Italo Romano is a talented skateboarder who has no legs. His life and the way in which he has overcome this major obstacle illustrates how the human mind and consequently the human body can adapt quite well in the face of great adversity.
The photographer who takes pictures of people who stare at him
When Kevin Connolly was ten years old his family took him to Disney World, but for some theme park visitors that day, it was Connolly who quickly became the main attraction.
Born without legs, Connolly was already used to the stares of strangers -- but that moment would help him start to understand that the lens could work in both directions. On a solo trip to Europe, more than a decade later, he felt a man staring at him. Connolly lifted his camera to his hip, shot pictures of that man. Connolly would repeat that action 32,000 more times during his travels, creating a diverse portfolio of individuals from a broad assortment of countries. He posted some of these images online, under the title "The Rolling Exhibition."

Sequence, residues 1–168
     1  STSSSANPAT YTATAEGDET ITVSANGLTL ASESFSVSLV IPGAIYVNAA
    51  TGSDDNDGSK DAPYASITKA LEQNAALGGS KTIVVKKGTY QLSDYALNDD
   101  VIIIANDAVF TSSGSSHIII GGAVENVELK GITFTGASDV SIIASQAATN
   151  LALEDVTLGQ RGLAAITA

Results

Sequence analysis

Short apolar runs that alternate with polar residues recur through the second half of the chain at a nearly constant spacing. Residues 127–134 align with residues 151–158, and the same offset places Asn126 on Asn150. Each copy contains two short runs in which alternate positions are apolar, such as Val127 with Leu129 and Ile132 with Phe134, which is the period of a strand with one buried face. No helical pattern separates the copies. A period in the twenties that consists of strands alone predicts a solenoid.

While gratifying artistically, it's also an unsettling position for the 22-year-old Montana State photography student. Connolly has spent most of his life shrugging off the perhaps well-intentioned, but ultimately dismissive, stereotypical role of the "inspiring" physically-challenged individual. A prosthetics manufacturer created a custom body shoe for him that looks like a leather bowl covered on the outside with a rubber tread for traction. Connolly uses the device to protect and cushion his torso during most of his activities.